Kriging the cantilever beam model

In this example, we create a kriging metamodel of the cantilever beam. We use a squared exponential covariance model for the kriging. In order to estimate the hyper-parameters, we use a design of experiments which size is 20.

Definition of the model

import openturns as ot
import openturns.viewer as viewer
from matplotlib import pylab as plt

We load the cantilever beam use case :

from openturns.usecases import cantilever_beam as cantilever_beam
cb = cantilever_beam.CantileverBeam()

We define the function which evaluates the output depending on the inputs.

model = cb.model

Then we define the distribution of the input random vector.

dim = cb.dim # number of inputs
myDistribution = cb.distribution

We use a transformation because data contain very large values.

transformation = myDistribution.getIsoProbabilisticTransformation()

Create the design of experiments

We consider a simple Monte-Carlo sampling as a design of experiments. This is why we generate an input sample using the getSample method of the distribution. Then we evaluate the output using the model function.

sampleSize_train = 20
X_train = myDistribution.getSample(sampleSize_train)
Y_train = model(X_train)

The following figure presents the distribution of the vertical deviations Y on the training sample. We observe that the large deviations occur less often.

histo = ot.HistogramFactory().build(Y_train).drawPDF()
histo.setXTitle("Vertical deviation (cm)")
histo.setTitle("Distribution of the vertical deviation")
view = viewer.View(histo)
Distribution of the vertical deviation

Create the metamodel

In order to create the kriging metamodel, we first select a constant trend with the ConstantBasisFactory class. Then we use a squared exponential covariance model. Finally, we use the KrigingAlgorithm class to create the kriging metamodel, taking the training sample, the covariance model and the trend basis as input arguments.

dimension = myDistribution.getDimension()
basis = ot.ConstantBasisFactory(dimension).build()
covarianceModel = ot.SquaredExponential([1.]*dimension, [1.0])
algo = ot.KrigingAlgorithm(transformation(X_train), Y_train, covarianceModel, basis)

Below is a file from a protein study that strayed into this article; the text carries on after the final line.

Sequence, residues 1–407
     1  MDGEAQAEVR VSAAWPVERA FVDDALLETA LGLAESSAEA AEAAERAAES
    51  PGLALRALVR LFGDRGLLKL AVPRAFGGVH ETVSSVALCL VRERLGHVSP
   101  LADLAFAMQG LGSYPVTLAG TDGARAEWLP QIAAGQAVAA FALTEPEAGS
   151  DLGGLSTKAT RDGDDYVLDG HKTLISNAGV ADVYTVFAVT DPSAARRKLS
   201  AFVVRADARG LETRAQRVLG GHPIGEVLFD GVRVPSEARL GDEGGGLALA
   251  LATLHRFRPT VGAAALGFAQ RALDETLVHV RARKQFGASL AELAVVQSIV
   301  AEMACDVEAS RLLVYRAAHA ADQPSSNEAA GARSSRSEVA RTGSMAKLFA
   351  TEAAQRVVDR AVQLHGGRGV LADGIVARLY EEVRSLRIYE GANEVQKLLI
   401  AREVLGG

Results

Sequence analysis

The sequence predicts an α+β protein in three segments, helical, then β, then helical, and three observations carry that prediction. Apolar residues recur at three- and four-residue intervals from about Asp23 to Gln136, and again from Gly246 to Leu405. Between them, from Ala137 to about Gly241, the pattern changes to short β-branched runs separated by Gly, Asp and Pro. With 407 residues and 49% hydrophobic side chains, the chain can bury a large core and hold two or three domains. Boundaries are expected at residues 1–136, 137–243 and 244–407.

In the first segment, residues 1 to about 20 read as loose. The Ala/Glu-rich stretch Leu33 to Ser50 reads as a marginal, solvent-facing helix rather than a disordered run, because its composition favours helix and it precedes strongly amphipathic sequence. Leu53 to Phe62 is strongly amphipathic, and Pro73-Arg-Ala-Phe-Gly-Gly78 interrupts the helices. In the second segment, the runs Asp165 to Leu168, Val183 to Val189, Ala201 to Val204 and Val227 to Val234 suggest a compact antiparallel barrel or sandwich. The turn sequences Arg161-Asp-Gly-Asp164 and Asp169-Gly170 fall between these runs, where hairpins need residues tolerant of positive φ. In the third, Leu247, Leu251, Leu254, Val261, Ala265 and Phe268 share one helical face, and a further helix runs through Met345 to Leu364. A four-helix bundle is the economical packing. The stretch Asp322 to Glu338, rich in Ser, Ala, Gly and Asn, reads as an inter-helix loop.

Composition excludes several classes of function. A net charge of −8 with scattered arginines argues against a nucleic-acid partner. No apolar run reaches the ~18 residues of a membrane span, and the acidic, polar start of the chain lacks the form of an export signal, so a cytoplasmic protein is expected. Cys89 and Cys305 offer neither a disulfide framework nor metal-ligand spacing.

result = algo.getResult()
krigingMetamodel = result.getMetaModel()

The run method has optimized the hyperparameters of the metamodel.

We can then print the constant trend of the metamodel, which have been estimated using the least squares method.



[class=Point name=Unnamed dimension=1 values=[0.166863]]

We can also print the hyperparameters of the covariance model, which have been estimated by maximizing the likelihood.


SquaredExponential(scale=[5.25598,4.89996,4.56237,7.84169], amplitude=[0.0394524])

Validate the metamodel

We finally want to validate the kriging metamodel. This is why we generate a validation sample which size is equal to 100 and we evaluate the output of the model on this sample.

sampleSize_test = 100
X_test = myDistribution.getSample(sampleSize_test)
Y_test = model(X_test)

The MetaModelValidation classe makes the validation easy. To create it, we use the validation samples and the metamodel.

val = ot.MetaModelValidation(transformation(X_test), Y_test, krigingMetamodel)

The computePredictivityFactor computes the Q2 factor.

Q2 = val.computePredictivityFactor()[0]



Since the Q2 is larger than 95%, we can say that the quality is acceptable.

The residuals are the difference between the model and the metamodel.

r = val.getResidualSample()
graph = ot.HistogramFactory().build(r).drawPDF()
view = viewer.View(graph)
y0 PDF

We observe that the negative residuals occur with nearly the same frequency of the positive residuals: this is a first sign of good quality. Furthermore, the residuals are most of the times contained in the [-1,1] interval, which is a sign of quality given the amplitude of the output (approximately from 5 to 25 cm).

The drawValidation method allows to compare the observed outputs and the metamodel outputs.

graph = val.drawValidation()
graph.setTitle("Q2 = %.2f%%" % (100*Q2))
view = viewer.View(graph)
Q2 = 99.13%

We observe that the metamodel predictions are close to the model outputs, since most red points are close to the diagonal. However, when we consider extreme deviations (i.e. less than 10 or larger than 20), then the quality is less obvious.

Given that the kriging metamodel quality is sensitive to the design of experiments, it might be interesting to consider a Latin Hypercube Sampling (LHS) design to further improve the predictions quality.

Total running time of the script: ( 0 minutes 0.213 seconds)

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